1981 United States Chess Championship and Zonal Qualifier (Score Sheet)

Author: Kavalek, Lubomir (Lubosh) (1943- ) and James Edward Tarjan signed

Publisher: United States Chess Federation

Location: South Bend

Year: 1981



1 page. Octavo (8 1/2" x 5 1/2") Original hand written score of the game in round four between Lubomir Kavalek (white) and James Tarjan in Kavalek's hand with the results a 35 move draw. Signed by both contestants.

The 1981 United States Championship resulted in tie for first Seirawan, Browne (9); tie for third thru fifth Christiansen, Kavalek, and Reshevsky (8 1/2); sixth Shamkovich (7 1/2); seventh and eight Peters and Byrne (7); ninth Lein (6 1/2); tenth thru twelfth Alburt, Tarjan and Kogan (6); thirteenth Benjamin (5 1/2); fourteenth and fifteenth Fedorowicz and Kudrin (5)

Lubomir (Lubosh) Kavalek (Czech: Lubomír Kaválek, born August 9, 1943) is a noted Czech-American chess player. He was awarded both the International Master and International Grandmaster titles by FIDE in 1965. Kavalek was born in Prague, Czechoslovakia (now the Czech Republic). He won the championship of Czechoslovakia in 1962 and 1968. When Soviet tanks rolled into Prague in August 1968, Kavalek was playing in Akiba Rubinstein Memorial in Poland, in which he finished second. Kavalek, who had always hated Communism, decided to defect to the West rather than return to Soviet-dominated Czechoslovakia. He bought several crates of vodka with his winnings, used them to bribe the border guards, and drove to West Germany. In 1970, he moved to Washington, D.C., later becoming a United States citizen. Kavalek played in nine Olympiads (three times on the top board, twice on the second board for the U.S. team), winning five bronze medals. Kavalek is a brilliant and imaginative tactician. He was co-winner of the 1973 U.S. Chess Championship with John Grefe, and won it outright in 1978, finishing with an undefeated 10-4 record, a full point ahead of James Tarjan. Also in 1978, Kavalek won a match against the world-class Swedish grandmaster Ulf Andersson by the impressive score of 6.5 to 3.5. Kavalek won the West German Championship in 1981. He was editor-in-chief of chess publishing for RHM Press in New York from 1973 to 1986. He has been the chess columnist for the Washington Post since 1986. Serving as the Executive Director of the Grandmasters Association, Kavalek organized the first World Cup series in 1988-1989. Kavalek had a notable coaching career, working with Yasser Seirawan and Robert Hübner. Kavalek also served as British grandmaster Nigel Short's trainer in Short's successful matches against former world champion Anatoly Karpov and Dutch grandmaster Jan Timman, leading up to Short's 1993 world championship match against Garry Kasparov. Short fired Kavalek shortly after the beginning of the latter match, which Kasparov won decisively. Short and Kavalek later wrote articles for chess magazines criticizing each other. Kavalek ranked among the top 100 players in the world continuously from the end of 1962 until September 1988, peaking at number 25 in 1973, when he achieved his peak ELO rating of 2626. Remarkably, he again reached top-100 status in 1998, and retained it until he retired from active play in 1999 with a rating of 2594, number 95 in the world.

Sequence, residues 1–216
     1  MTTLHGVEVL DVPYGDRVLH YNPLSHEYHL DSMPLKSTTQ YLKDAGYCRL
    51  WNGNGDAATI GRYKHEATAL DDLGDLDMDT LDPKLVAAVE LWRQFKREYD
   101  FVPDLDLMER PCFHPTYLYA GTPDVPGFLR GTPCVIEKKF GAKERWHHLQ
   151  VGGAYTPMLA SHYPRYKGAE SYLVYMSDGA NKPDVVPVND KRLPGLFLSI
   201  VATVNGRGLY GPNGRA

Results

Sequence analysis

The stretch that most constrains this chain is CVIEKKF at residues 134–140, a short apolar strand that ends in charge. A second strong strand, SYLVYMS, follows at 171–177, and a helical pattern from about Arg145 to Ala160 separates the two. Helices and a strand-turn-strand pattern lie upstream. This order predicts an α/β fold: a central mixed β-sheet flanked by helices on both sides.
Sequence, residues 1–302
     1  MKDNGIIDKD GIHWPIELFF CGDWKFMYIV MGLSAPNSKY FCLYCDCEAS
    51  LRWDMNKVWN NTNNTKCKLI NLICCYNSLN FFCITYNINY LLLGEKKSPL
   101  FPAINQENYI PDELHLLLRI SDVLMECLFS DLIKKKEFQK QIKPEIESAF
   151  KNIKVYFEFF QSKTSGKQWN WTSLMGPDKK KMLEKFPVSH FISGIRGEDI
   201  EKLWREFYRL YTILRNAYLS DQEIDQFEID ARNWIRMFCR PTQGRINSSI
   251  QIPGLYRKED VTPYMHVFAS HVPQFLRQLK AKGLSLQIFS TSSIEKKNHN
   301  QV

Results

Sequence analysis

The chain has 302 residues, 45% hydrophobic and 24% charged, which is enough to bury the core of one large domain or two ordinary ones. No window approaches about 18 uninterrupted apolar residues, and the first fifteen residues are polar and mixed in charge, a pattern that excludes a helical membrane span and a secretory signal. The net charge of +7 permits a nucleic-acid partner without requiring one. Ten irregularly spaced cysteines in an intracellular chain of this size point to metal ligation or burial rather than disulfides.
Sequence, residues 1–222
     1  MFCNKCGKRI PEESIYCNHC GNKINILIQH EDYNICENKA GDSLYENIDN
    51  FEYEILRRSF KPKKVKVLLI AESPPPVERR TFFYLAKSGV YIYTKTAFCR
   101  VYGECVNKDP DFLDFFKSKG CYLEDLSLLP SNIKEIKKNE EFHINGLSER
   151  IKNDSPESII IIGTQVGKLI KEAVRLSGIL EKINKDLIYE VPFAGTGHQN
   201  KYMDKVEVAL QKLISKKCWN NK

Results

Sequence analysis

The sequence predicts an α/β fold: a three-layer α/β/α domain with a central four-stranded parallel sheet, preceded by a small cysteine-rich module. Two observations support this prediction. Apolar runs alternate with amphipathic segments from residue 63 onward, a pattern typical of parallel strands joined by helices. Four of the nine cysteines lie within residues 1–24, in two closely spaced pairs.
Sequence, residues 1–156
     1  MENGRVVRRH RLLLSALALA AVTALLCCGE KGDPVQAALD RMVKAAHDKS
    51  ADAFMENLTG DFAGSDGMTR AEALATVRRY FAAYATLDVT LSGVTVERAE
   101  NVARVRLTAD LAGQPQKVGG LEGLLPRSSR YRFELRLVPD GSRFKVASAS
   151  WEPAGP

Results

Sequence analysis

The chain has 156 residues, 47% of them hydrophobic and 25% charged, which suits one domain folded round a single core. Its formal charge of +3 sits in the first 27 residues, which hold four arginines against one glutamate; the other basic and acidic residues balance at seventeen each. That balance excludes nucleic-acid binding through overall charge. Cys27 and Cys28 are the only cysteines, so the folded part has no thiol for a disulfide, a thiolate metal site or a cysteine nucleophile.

In very good condition.

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